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Recovery Package in Full Debate

POSTED: January 23, 2009, 12:00 am

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The House of Representatives spent most of yesterday marking up the huge economic recovery package, officially titled “The American Recovery and Reinvestment  Act of 2009,” as debate continued over specific elements in the $850 billion legislative package. The focus of the bill is the infusion of dollars into the economy, through direct spending by the federal government or tax cuts and subsidies for the private sector, as a way to end the current recession.

The bill is the first major test for the Obama administration. President Obama made this economic recovery package a priority immediately after his historic win on November 4. He also urged Congress to bail out the automobile industry but there was fierce resistance on the Hill and that effort ended with the Bush administration deciding to dip into the TARP funds to aid General Motors and the Chrysler Corporation. Still, that minor setback did not deter Mr. Obama from insisting that his first priority as President would be to pass legislation to jumpstart the economy. Originally, the Obama transition team was hoping that the bill would be ready for President-elect Obama’s signature the day of his inauguration but it became clear that consensus could not be won on the Hill quick enough to meet that timeline. The new target is to have the legislation approved in time for the President to sign the bill before the President’s Day recess.

Republicans on the Hill are raising concerns that there is too much direct spending in the package without any real evidence that it will stimulate the economy. The House minority is supportive of greater tax cuts that the GOP insists will be more effective at slowing down the economic downturn. Democrats, for their part, have been pushing spending on transportation infrastructure, school buildings rehabilitation, and “green” jobs, areas that they see as ripe for creating new jobs. President Obama has indicated he expects 90% of the jobs created by the package to be in the private sector so there is some pressure on Democrats in the House to pass a bill that contains provisions sufficient to match the President’s expectations.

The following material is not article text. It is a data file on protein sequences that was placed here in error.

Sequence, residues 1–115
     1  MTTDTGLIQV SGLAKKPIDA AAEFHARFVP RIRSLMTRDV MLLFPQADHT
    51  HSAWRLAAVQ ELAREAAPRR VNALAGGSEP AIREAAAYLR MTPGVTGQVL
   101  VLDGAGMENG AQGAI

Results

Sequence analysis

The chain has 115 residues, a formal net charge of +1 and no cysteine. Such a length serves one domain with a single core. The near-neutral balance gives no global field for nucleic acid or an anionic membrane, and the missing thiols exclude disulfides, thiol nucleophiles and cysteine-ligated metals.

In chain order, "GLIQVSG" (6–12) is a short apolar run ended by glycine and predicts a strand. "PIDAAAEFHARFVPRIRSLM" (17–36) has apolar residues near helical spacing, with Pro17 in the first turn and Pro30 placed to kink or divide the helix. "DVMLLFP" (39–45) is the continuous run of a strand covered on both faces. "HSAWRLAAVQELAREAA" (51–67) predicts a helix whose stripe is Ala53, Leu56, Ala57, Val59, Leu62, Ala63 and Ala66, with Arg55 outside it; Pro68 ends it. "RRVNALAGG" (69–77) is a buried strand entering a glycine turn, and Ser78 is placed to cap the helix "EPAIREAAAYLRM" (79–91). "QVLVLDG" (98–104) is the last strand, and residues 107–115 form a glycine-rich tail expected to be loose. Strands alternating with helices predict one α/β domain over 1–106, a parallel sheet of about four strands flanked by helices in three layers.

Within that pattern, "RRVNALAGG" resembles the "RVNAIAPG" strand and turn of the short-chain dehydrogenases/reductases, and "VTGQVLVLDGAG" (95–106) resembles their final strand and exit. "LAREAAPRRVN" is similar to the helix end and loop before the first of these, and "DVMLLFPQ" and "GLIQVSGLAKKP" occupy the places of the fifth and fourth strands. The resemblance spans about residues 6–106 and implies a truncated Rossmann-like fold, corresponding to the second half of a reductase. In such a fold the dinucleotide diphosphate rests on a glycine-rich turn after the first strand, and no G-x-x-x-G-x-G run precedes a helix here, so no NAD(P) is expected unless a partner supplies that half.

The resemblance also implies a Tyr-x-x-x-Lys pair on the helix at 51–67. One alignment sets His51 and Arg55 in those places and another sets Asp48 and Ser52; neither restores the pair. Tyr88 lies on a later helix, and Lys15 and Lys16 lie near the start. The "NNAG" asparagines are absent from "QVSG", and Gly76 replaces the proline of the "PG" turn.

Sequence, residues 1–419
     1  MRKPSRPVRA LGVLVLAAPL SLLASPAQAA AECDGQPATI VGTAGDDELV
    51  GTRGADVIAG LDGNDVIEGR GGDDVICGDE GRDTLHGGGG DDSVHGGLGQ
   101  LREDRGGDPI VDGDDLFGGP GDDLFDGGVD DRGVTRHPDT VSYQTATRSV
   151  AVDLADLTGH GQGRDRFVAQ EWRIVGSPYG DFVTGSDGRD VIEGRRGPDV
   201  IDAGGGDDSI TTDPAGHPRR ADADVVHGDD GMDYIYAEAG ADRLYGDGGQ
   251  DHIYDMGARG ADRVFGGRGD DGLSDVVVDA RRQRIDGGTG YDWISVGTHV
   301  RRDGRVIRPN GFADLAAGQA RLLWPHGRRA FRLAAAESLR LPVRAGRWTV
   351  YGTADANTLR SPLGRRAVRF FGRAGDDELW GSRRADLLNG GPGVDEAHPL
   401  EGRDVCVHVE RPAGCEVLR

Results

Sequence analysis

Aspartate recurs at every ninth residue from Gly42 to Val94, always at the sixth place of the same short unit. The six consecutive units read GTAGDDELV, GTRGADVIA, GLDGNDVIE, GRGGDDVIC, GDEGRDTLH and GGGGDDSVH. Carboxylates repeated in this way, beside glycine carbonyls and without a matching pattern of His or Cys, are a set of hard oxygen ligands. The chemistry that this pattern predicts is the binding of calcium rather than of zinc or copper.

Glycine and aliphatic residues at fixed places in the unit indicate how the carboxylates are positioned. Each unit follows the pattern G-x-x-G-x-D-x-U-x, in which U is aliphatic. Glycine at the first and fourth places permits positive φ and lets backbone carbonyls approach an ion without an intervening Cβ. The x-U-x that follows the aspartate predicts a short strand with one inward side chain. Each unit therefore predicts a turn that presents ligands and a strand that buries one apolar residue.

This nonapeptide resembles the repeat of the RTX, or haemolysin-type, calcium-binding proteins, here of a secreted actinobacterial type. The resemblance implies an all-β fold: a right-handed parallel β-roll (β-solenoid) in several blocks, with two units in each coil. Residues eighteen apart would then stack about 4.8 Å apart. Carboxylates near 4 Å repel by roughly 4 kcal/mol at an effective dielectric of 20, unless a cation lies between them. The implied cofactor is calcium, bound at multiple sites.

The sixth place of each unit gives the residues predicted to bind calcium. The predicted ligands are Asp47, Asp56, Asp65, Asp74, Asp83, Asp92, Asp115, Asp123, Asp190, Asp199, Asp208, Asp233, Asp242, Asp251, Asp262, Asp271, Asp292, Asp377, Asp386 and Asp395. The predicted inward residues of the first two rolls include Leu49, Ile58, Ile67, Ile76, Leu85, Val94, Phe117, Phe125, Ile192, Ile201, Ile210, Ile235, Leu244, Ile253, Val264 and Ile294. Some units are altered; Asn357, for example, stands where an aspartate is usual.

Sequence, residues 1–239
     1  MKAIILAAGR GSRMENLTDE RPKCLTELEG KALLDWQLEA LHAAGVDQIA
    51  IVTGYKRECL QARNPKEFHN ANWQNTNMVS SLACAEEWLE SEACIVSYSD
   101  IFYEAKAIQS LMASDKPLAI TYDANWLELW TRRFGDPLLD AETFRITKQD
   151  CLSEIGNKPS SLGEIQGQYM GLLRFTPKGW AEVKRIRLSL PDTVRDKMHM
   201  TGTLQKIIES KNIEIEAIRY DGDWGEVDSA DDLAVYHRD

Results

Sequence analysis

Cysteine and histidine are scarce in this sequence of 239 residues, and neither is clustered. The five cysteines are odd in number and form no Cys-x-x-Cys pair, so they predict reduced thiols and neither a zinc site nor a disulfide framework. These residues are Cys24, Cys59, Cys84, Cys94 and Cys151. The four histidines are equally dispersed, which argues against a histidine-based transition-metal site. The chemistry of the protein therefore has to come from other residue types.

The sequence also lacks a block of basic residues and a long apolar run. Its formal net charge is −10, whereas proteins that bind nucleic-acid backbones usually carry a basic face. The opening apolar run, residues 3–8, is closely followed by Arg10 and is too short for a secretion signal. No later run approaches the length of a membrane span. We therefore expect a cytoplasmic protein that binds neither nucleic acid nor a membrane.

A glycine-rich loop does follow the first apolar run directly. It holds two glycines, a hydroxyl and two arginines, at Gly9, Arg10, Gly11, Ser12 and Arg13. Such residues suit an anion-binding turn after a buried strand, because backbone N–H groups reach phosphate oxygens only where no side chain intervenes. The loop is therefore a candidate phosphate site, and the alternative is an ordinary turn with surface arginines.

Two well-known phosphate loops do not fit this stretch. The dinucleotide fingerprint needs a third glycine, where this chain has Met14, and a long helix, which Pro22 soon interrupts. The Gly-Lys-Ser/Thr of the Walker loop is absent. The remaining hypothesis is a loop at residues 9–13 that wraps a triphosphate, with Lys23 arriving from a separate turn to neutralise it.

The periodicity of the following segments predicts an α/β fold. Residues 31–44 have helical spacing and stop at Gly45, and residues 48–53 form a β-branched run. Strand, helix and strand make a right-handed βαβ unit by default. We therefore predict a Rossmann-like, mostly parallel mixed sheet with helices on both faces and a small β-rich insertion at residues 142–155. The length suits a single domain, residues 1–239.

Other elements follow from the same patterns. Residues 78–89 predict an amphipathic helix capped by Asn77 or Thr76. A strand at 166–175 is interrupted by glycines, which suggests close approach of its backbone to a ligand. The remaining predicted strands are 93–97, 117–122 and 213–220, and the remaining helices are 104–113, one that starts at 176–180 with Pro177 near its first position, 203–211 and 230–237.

Guiding the tax provisions of the massive bill is House Ways and Means Committee Chairman Rep. Charles Rangel (D-NY). The veteran lawmaker has been supportive of tax cuts for the middle class and tax credits to provide incentives to the private sector to hire certain groups of workers. One such credit supported by Rep. Rangel would provide a subsidy to employers who hire young adults, age 16 to 24, who are out of school and out of work, so-called “disconnected youth,” and veterans. One of the growing concerns is the rising rate of teenage unemployment, as evidenced in the last three monthly employment Situation Summary reports released by the Bureau of Labor Statistics.

Republicans on the Ways and Means Committee did not weigh-in on the tax bill; choosing instead to make their concerns known to President Obama. Republican leaders are expecting to meet with the President to make their case for more tax cuts when they meet with Mr. Obama in the coming week.

The House Transportation and Infrastructure Committee released a report yesterday detailing projected spending on infrastructure projects and the numbers are fairly significant although members from both parties have expressed concern that the dollars are insufficient. The report provides a state-by-state breakdown for Ready-to-Go Highway and Bridge Projects, Clean Water State Revolving Fund, Fixed Guideway Modernization, Transit Capital Grants, and Highways and Bridges. As expected, larger states such as California, New York, Texas, Pennsylvania, Illinois and Florida fare well under the plan.

In the coming week the Senate will take up the measure and there is expected to be continued debate on the scope of the plan, its specific outlays and its projected impact. The bill will test President Obama’s commitment to move in a bipartisan fashion as Republicans, while in the minority, will certainly have a platform from which to raise objection and influence the public debate.

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